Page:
21 News has learned that the Ohio Bureau of Criminal Investigation is probing a December 2 incident involving recently-fired Deputy Dallas Young in which Young questioned a motorist and then allowed him to drive shortly before the motorist and another driver were killed in a two-car crash in Windham. The probe has been requested by Trumbull Sheriff Paul Monroe.

"I can confirm that BCI has been asked to investigate this incident," Steve Irwin, bureau press secretary, told 21 News this afternoon.

The investigation centers on Young's release of Michael Haehner of Ravenna to drive his car shortly before Haehner of Ravenna and Tammy Bortz, 54, of Windham, the other motorist, were killed on State Route 82. Toxicology reports released by the Ohio State Patrol showed Haehner, 28, with amounts of fentanyl and morphine in his system at the time of his death.



"I'm extremely disappointed in the common-sense decision that should have been made by Deputy Young in regards to this incident," Monroe told WFMJ Weekend Today Anchor Lindsay McCoy. A message seeking comment from Young has not been returned.

The OSP report, which lists the time of the accident at "14:30" (2:30 p.m.) mentions the deputy's "contact" without naming him "just before the crash occurred," but does not list the time that Young questioned Haehner. Chief Deputy Joseph Dragovich said Young never filed a report about the incident.

According to reports compiled by 21 News from the OSP, the sheriff's office, and Newton Falls Police Chief Gene Fixler, Young had responded to a "service call" at a Braceville service station after employees complained about the actions of two men in a car. Fixler lists a time of "14:01" (2:01 p.m.) as when he first heard the call. The chief wrote he had gone to the service station to observe "until the county unit arrived." At the time, Haehner was a passenger in the vehicle, but the driver had left the vehicle for unexplained reasons and did not return.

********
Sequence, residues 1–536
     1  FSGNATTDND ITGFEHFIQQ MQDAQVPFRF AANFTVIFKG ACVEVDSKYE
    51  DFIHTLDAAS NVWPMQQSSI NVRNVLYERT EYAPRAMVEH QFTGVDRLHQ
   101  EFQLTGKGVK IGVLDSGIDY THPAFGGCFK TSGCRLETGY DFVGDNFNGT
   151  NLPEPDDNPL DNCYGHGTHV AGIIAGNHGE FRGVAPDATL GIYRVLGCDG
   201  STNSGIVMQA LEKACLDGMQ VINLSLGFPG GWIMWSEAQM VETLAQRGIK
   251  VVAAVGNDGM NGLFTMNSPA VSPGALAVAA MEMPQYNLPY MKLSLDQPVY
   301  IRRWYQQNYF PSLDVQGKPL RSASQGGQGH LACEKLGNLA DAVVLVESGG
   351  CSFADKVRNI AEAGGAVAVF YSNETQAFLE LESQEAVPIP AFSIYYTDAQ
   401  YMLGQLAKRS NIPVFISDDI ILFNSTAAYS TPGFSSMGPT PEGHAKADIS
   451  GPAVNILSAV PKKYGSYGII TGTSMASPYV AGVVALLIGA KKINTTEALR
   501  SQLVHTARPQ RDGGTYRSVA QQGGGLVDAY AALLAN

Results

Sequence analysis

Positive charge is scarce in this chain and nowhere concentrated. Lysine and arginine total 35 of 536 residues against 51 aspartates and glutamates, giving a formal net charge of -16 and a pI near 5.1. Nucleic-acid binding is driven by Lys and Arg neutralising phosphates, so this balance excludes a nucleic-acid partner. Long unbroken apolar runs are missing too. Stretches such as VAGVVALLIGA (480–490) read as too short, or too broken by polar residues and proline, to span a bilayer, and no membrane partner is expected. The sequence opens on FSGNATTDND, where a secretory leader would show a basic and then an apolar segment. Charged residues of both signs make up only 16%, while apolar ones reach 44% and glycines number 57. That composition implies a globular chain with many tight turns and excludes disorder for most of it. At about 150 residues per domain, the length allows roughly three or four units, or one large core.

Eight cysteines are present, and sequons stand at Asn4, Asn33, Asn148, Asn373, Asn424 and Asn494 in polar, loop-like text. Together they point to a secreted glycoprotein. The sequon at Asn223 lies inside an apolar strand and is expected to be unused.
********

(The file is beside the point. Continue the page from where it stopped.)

Fixler's report quotes an employee of the service station who was concerned about Haehner's conduct. "(T)he male in the passenger's side (Haehner) was pretty messed up" and had nearly walked into the windows of the gas station, the employee told the police chief. However, the chief said Young told another officer Haehner "had clearly responded to questions, without any hesitation, a further indication that he was not impaired." Haehner had also provided his social security number to Young.

Dragovich said that after Young had spoken with Haehner, "our deputy released the motorist to drive the vehicle." A witness later described Haehner's car weaving erratically before crashing into the Bortz vehicle.

In a later interview with 21 News, the sheriff declined to go into specifics about the incident and Young's handling of it. "I cannot go into something that is under investigation," Monroe said. "There is some confidential information at this point that we are unable to provide to the media."

However, critical information about the incident appears in Young's files, one of which is especially important because it blames Young for failing to take action that might have averted the fatal accident that followed. "Your failure to thoroughly investigate a call for service, and determine Michael Haehner's degree of impairment or ability to safely operate a motor vehicle, led to Michael Haehner causing a fatal crash resulting in the death of two people including himself," it states.

The department revealed Tuesday that on March 3, four weeks before his March 31 dismissal, Young had been placed on paid administrative leave pending the outcome of an internal investigation of the Haehner incident. The day after Young was fired, he was hired by Chief Fixler as a police officer in Newton Falls.